The care and feeding of tentpoles

When franchises stumble, give 'em the reboot

Ask any studio production chief about his plans for 2010 and you get the same answer: I’ll start with a franchise movie and build out from there.

It’s reassuring to know that everyone is on the same page, but here’s the question: Is it the right page?

The assumption is that any studio can dream up a new franchise if it sets its mind to it. That’s a big leap of faith — especially given the phenomenon of “Avatar,” which has clearly raised filmgoers’ expectations about both special effects and story. The audience is going to demand more; the assembly-line tentpole may not work anymore.

The standard procedure for developing tentpoles is to go foraging among either new videogames or old comic-books. Yet the most robust source of franchise material historically has been novels, from James Bond to Harry Potter. Disney, for one, doesn’t trust books (except “Alice in Wonderland”), and hence purchased Marvel Comics in the hope of dusting off some old superheroes. It also has a long-standing deal with Mr. Franchise himself, Stan Lee, to help in the archeological dig, but no greenlights have come of it as yet.

Studio veterans know that for every “Batman” hit there’s been a “Phantom” or a “Shadow” flop and for every “Spider-Man” there’s been a “Watchmen.”

Franchise films need a strong central character to sustain their sequels, and when the narratives run out, their producers habitually try to start them over. So Sony, having shut down the current incarnation of “Spider-Man,” will revisit him in his formative years, like “Batman Begins.” The next “Shrek” will also go back in time, and I wouldn’t be surprised if “Harry Potter” returned in kindergarten or if the girls from “Sex and the City” went back to junior high.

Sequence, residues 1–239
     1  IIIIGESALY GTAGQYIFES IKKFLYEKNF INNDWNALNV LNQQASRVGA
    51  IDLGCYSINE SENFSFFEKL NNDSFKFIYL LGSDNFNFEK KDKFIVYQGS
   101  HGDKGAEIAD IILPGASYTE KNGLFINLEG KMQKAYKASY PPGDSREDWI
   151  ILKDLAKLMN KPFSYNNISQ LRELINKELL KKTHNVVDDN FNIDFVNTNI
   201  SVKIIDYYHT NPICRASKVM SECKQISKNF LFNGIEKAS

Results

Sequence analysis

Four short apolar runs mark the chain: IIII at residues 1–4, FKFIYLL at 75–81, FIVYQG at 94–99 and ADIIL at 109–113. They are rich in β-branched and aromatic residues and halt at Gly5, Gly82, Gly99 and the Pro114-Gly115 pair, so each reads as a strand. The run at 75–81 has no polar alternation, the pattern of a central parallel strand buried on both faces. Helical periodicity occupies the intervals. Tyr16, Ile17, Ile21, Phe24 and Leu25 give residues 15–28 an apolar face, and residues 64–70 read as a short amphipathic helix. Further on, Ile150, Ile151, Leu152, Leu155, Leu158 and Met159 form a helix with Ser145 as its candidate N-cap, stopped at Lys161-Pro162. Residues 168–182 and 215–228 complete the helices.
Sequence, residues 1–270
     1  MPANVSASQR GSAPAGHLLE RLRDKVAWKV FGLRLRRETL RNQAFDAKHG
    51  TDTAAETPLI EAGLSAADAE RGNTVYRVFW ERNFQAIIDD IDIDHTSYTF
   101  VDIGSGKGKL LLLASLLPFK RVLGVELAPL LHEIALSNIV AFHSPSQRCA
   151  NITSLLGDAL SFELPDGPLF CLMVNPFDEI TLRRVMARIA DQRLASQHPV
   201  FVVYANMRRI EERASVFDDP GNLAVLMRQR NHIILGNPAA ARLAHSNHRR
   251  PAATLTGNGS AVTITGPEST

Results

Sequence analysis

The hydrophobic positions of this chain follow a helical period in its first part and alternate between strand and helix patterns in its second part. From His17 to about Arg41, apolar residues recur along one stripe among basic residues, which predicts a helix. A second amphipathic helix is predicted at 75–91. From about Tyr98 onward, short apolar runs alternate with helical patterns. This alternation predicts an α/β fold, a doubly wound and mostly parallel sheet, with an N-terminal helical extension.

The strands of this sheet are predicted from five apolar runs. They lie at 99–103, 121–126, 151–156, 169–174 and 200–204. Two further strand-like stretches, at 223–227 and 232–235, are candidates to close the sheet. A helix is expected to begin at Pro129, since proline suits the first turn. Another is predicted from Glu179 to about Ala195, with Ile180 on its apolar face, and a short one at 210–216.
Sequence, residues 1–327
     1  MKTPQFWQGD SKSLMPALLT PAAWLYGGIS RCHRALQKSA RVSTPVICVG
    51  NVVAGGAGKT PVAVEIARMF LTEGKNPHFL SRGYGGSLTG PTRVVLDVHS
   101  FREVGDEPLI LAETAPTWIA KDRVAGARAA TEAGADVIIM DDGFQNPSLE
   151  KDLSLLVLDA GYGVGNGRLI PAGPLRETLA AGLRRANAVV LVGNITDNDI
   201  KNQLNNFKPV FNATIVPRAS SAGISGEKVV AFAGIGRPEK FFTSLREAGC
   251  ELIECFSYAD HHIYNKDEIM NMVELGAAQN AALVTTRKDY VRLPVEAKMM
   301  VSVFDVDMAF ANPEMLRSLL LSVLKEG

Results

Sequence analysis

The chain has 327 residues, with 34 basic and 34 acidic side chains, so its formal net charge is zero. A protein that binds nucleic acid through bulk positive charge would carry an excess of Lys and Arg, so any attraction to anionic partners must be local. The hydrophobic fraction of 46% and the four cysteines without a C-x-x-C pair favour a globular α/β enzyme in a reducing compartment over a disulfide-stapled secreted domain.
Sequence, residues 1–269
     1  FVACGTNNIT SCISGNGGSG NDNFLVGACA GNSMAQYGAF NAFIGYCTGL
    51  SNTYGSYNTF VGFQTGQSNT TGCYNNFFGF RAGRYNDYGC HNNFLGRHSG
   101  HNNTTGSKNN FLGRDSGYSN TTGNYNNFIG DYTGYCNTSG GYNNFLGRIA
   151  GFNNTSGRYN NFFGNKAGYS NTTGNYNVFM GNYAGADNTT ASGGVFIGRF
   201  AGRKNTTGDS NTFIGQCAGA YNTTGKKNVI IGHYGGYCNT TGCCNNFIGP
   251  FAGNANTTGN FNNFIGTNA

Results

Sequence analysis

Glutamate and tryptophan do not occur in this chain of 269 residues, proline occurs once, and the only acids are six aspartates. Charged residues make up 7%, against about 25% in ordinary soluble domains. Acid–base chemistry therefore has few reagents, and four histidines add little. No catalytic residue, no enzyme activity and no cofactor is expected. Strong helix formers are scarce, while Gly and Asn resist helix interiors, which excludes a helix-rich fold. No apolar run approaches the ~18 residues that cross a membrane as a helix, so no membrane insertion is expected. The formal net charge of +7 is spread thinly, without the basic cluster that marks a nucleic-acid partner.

In their effort to build new franchises, the studios have begun to abandon their cardinal rule of avoiding star casting. The old theory: Spend the money on effects, not on gross participations — hence the huge profits on “Harry Potter” and the early “Spider-Man” and “Twilight” movies. As the sequels have kept coming, of course, the casts have become exponentially more expensive.

Robert Downey Jr. has demolished the studio formula. He got a hefty payday on “Iron Man 2” and, given the success of “Sherlock Holmes,” will surely double his action. There’s a delicious irony to the fact that an actor with a past of substance abuse would emerge as the king of all superheroes. Downey may conceivably become as rich as Harrison Ford, the dour superstar who, at 67, remains the ultimate franchise winner.

Ford went from “Star Wars” to “Indiana Jones,” with side trips into Tom Clancy’s “Patriot Games” and “Clear and Present Danger.” Even when Ford had time off between franchises he bounced into hits like “Witness,” “The Fugitive” or “Air Force One.”

I spent time with him last week and asked how he felt about the franchise business.

“I never expected to be a franchise hero,” Ford said. “And I never expected Hollywood to become fixated on franchises.”

Now that he’s producing as well as acting, Ford has cast himself in his new movie, “Extraordinary Measures.” It’s a poignant movie, but Ford will get his wish: It will never be a franchise.

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